Urban Movement Design

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The monkey bar bike racks also doubled as stretching mechanisms for before and after the athletes’ workouts, enabling the overworked athletes to get in more play time, while the structures along the core connector, which is still under construction, will be ideal places for Whistler residents to stretch and relax. “Our designs had to be inclusive of ‘extreme athletes’ who, like New Yorkers, overwork their ‘stress response’ and do maintain a proper balance with the rest they need to nourish and balance the para-sympathetic nervous system. At the same time, we also had to design for everyday inhabitants, including moms with strollers, office workers, and the everyday athletes who live there.” Now, Kassen and Gluck have another international project underway. They designed what they call a “ribbon of movement” for a public park that is part of a new development in the southern Chinese city Liuzhou. The 14 structures in a 30,000-square-foot park “pop

Rachel Rabhan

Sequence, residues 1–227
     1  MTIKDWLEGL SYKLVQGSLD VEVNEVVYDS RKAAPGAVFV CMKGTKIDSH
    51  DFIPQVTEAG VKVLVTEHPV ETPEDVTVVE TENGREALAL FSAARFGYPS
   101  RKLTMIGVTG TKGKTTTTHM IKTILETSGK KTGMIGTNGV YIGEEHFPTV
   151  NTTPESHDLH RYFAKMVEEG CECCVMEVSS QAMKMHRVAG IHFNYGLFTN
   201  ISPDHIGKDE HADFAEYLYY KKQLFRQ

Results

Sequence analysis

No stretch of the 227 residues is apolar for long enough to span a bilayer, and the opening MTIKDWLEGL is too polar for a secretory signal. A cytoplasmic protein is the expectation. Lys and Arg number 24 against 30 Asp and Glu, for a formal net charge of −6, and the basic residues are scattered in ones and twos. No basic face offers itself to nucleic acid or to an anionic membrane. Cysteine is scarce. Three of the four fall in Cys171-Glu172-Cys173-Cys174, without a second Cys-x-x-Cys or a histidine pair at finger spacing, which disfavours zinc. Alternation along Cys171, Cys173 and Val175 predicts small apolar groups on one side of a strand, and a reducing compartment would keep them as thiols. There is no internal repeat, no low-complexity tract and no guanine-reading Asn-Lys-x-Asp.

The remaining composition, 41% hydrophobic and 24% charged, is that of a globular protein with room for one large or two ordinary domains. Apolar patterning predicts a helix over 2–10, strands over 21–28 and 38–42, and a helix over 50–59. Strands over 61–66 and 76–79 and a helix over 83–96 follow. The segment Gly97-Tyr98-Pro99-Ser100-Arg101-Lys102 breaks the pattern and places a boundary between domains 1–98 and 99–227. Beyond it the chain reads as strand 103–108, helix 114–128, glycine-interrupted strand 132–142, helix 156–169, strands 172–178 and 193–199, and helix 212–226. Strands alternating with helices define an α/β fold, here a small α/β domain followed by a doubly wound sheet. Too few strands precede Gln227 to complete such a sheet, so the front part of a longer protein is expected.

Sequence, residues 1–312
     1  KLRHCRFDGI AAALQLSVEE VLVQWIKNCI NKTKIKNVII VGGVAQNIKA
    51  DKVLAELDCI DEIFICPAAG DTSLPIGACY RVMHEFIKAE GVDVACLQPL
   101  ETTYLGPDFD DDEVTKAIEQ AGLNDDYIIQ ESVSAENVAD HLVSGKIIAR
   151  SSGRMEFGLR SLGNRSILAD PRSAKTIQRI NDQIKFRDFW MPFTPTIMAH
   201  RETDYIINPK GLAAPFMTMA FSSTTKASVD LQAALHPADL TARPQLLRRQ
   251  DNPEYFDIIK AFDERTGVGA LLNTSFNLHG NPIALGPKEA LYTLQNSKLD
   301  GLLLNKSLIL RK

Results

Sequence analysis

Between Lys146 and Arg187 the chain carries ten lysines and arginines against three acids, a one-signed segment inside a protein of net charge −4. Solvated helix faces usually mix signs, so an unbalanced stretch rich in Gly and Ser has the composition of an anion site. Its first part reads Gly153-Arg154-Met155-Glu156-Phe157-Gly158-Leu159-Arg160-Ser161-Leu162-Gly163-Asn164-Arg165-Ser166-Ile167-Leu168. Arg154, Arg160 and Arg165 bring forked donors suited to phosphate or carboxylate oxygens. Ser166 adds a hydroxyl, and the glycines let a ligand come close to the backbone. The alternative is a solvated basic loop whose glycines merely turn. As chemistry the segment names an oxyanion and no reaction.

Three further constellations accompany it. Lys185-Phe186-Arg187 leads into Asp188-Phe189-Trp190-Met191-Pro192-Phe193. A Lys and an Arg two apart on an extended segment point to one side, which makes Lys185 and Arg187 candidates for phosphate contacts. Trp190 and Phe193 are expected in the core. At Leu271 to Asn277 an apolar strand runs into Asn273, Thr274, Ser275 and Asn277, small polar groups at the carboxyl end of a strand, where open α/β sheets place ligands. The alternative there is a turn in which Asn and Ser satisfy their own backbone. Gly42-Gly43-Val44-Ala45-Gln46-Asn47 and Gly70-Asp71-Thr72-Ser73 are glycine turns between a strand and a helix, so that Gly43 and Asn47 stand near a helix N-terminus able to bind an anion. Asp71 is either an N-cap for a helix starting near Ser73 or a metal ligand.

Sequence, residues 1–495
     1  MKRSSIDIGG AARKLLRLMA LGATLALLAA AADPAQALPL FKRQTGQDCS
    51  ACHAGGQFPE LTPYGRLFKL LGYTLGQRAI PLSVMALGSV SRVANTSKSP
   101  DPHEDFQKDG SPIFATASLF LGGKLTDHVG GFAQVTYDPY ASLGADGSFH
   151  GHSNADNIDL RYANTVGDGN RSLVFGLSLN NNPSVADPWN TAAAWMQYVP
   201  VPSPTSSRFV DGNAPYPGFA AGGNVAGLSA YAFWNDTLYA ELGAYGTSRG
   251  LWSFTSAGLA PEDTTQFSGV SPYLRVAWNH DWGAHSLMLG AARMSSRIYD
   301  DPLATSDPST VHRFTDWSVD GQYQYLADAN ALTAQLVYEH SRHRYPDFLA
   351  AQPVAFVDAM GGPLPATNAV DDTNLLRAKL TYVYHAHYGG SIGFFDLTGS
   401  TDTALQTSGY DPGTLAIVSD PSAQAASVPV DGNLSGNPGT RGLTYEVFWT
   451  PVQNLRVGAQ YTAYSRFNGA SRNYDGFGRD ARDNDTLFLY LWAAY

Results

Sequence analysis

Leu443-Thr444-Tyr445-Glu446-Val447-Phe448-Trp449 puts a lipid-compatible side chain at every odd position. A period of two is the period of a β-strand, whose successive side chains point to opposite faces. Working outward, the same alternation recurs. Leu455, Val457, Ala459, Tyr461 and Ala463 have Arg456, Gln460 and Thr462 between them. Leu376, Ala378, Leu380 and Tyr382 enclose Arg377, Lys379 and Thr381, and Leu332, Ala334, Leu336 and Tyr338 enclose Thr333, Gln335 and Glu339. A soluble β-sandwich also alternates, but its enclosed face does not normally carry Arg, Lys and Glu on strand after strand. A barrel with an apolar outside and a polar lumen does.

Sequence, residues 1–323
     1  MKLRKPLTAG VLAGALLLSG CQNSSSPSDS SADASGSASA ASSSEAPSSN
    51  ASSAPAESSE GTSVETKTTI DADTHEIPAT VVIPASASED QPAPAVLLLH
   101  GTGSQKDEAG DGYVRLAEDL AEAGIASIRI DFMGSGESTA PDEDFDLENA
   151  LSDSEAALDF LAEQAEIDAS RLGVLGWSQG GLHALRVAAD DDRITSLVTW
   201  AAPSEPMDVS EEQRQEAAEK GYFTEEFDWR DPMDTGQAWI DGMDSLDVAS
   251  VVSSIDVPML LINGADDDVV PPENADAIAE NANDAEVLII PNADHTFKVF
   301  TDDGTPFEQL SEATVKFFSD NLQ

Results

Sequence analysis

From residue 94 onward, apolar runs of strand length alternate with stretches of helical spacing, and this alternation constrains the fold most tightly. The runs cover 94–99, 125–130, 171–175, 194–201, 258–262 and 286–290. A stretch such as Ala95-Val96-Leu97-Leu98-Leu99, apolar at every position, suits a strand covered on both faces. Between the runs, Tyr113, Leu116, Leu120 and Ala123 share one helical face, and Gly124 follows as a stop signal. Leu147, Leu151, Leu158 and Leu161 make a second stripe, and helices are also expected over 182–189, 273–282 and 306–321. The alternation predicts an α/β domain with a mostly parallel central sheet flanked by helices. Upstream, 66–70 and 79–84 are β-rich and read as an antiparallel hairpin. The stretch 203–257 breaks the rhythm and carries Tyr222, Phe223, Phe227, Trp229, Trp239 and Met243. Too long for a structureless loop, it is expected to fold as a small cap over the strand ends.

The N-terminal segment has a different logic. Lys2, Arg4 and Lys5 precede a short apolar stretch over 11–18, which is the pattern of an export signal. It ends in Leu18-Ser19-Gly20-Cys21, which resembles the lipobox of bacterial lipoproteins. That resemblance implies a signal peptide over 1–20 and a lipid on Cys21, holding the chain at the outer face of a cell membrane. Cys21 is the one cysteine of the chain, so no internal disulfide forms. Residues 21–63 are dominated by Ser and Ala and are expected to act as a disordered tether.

Robyne Kassen, M. Arch. ’05, and Sarah Gluck, M. Arch. begun in 2002, met at Pratt’s Graduate School of Architecture and recognized their shared passion immediately. “We were both investigating the body in architecture and design. We were asking the questions: ‘How do you design for the body?’ ‘How does it interact with space?’” says Gluck. Gluck and Kassen continue to ask—and answer—these questions at their New York-based company Urban Movement Design, which designs interiors, furniture, and public infrastructure to mirror and inspire the way people naturally move. "How do we design in order to help people draw out the body in healthful ways?” says Kassen. “Healthy movement and relaxation ultimately lead to reduced health care costs; they energize people.” Urban Movement Design recently completed two international projects. One that received significant attention was the Whistler Olympic Village project, for which they designed three bus shelters, benches, a “core connector” pathway, and 11 bike racks for the Athletes Village in Whistler, British Columbia, for the 2010 Winter Olympics. They knew right away these would not just be any bus shelters, paths, benches, and bike racks. These would have to get people moving, playing, and resting. Gluck is an expert in movement and kinesthetics, also teaching yoga and Pilates, who specializes in people with trauma and disabilities. The Whistler project was a perfect opportunity for Urban Movement Design to launch its interdisciplinary designs into the built world. “High performance athletes are a special population,” says Gluck. “All the athletes were overworking, so it was important that in these bus shelters we provided the one thing they were not getting—rest.” Gluck and Kassen designed the bus shelters with seats that enabled the athletes to rest in healthy positions with proper alignment. And, since the Athletes Village is expected eventually to be turned into a residential neighborhood, the infrastructure for health is designed for all. The shelters include spaces for wheelchairs, as well as gondola seating—higher seats more comfortable for arthritis sufferers.